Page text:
„All the labels peered hard at the dancefloors, there was no room for a band with atmospheric sounds.“


Since 1994's Manipulated Mind Control, no new studio album by Placebo Effect was released. It was heard here and there that a new one was almost finished, but then discarded again. What exactly was going on before the resolution?
A: The production of Manipulated was a disaster. I still regard this time as the big time of selling out bands. Nothing was invested in a good production. The sound we envisioned was not remotely achieved. Later it was so bad that we did not speak a single word with each other. Somehow, Christoph and I finished the album. There was also an incredible pressure. All the labels peered hard at the dancefloors, there was no room for a band with atmospheric sounds. I am so glad that Christoph then wrote “Last Walk”. In this track, everything worked! And when the vocals were finally mixed, we had goose bumps. If there’s a song about which I can say that the album should have sounded like, then it’s this one. Then came the time after the release ... We only were discharged from the record deal [i.e. Ausfahrt Records – ed. note] with legal support. But we still had to deliver the compilation Past – Present at the label. All the trouble and the feeling of not getting any further split us as a band. When we played our last gig in the mid-nineties, it felt like strangers were meeting each other. From then on, everyone went his own way until WGT 2004.
C: Alien and Chlorid from the Past – Present compilation were two new songs intended for a completely new album. But that did not come about for the contractual reasons.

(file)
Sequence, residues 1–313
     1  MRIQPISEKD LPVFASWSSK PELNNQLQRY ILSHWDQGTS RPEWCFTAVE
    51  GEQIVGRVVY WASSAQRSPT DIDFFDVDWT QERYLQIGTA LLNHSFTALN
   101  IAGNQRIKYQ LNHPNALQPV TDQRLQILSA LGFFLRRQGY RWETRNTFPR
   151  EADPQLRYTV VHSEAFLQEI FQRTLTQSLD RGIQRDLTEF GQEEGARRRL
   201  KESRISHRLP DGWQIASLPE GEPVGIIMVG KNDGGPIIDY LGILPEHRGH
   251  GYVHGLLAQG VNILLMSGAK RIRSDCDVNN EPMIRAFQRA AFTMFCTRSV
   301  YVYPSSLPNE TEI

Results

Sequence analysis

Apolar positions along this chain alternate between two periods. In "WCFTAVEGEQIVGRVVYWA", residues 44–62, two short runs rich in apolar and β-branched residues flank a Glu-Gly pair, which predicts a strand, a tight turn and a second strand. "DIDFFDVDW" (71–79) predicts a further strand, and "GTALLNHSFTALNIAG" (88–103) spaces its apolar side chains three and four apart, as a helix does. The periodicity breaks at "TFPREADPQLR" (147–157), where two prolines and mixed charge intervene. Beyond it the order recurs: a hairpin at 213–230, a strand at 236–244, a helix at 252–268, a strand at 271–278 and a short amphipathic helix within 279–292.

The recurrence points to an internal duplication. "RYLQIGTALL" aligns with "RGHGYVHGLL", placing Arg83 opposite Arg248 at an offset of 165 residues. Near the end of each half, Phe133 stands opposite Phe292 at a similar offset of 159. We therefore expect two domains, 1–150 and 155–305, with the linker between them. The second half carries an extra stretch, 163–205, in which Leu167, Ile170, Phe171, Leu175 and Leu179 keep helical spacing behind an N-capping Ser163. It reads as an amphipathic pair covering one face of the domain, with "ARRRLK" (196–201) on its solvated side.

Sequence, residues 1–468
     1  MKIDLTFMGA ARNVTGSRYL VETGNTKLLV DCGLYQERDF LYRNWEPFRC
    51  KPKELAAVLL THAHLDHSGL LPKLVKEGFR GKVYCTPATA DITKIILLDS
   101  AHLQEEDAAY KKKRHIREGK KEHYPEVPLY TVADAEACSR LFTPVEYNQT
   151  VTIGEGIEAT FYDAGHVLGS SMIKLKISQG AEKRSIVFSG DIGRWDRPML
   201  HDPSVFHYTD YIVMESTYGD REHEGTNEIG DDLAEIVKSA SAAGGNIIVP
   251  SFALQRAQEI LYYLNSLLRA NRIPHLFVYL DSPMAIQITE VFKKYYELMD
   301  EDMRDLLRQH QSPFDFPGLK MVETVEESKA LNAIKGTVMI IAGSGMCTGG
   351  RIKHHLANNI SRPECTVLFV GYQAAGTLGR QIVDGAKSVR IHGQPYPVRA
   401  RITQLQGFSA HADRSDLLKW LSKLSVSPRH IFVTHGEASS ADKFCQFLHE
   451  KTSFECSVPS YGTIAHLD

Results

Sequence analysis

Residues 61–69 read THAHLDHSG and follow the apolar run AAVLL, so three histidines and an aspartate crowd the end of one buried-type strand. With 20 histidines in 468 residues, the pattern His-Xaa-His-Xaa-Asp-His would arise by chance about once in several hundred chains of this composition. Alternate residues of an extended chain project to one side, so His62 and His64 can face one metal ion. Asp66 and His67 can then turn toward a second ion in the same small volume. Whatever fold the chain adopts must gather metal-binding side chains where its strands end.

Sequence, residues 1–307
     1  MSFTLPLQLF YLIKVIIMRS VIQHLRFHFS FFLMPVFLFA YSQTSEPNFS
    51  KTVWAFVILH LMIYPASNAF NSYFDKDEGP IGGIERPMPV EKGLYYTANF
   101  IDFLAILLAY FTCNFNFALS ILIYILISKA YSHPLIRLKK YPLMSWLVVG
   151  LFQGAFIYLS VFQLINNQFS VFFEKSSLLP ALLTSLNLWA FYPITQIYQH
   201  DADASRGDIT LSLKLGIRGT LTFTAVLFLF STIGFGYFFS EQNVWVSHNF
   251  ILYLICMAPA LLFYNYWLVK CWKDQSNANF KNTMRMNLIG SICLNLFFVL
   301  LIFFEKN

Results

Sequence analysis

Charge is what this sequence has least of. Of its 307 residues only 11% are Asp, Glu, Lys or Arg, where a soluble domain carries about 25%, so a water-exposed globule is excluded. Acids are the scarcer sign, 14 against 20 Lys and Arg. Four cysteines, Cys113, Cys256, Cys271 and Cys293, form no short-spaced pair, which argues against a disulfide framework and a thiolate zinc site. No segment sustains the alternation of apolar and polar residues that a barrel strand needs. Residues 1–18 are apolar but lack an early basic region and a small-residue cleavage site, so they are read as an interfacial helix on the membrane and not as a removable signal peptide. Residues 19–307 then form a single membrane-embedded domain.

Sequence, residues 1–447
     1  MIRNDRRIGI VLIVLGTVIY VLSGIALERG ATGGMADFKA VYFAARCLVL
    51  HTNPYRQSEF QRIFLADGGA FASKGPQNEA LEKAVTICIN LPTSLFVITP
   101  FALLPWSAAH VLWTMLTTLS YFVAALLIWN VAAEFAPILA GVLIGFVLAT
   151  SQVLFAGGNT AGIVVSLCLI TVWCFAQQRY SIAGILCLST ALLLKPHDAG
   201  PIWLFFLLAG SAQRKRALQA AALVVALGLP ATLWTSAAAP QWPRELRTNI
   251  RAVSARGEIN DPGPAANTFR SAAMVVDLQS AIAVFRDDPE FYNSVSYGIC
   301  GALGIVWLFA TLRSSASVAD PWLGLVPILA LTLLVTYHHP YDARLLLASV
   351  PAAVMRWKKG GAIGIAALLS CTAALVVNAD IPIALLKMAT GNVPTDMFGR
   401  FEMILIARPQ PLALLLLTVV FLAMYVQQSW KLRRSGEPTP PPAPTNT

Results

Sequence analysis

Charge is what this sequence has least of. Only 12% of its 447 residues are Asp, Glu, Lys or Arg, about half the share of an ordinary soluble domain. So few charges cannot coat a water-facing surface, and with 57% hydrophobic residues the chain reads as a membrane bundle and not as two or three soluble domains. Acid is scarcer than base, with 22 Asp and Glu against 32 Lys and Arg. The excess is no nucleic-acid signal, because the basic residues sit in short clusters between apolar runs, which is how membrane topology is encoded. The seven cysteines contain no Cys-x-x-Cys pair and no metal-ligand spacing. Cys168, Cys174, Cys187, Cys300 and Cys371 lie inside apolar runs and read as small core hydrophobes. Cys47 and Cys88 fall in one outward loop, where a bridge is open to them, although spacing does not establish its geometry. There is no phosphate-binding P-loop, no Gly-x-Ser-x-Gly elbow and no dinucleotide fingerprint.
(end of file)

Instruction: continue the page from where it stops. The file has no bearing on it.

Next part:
And what happened later? For example after the WGT gig: how concrete were the plans for a new release under the old name?
A: At WGT 2004, our relationship was still tensed. But the door of rapprochement was open again. We also laughed a lot and after the gig we realized that the biggest differences had been overcome. It also briefly sprouted the idea of an album, but ebbed away again. Before the WGT gig 2014, we had agreed to rehearse for a weekend. We were invited to Achim and he had set up a small rehearsal room. When we met almost every weekend in 1989, it always took place at the home of Achim’s parents. They had a converted hayloft where we connected our synths and drum machines and just played on it. That’s exactly how it was on this unforgettable weekend. When the first sounds cracked out of the speakers, all the tensions were gone. Incredible. Then it was clear that Placebo Effect would be back and producing Shattered Souls.

What will come next? And what should 2019 ideally be like for Placebo Effect?
A: We want to finish the album. Moreover, we are going to play at Nocturnal Culture Night and looking forward to it very much! A great festival with a very nice familial atmosphere! And video is an interesting medium. We have discovered new ways to translate our visual ideas of our music into pictures. And, of course, to keep discovering new sounds. You can go to a store today and buy analogue synths for an affordable amount of money, such as a Moog or the Korg MS20 ... what an ingenious time! Who would have thought this 20 years ago?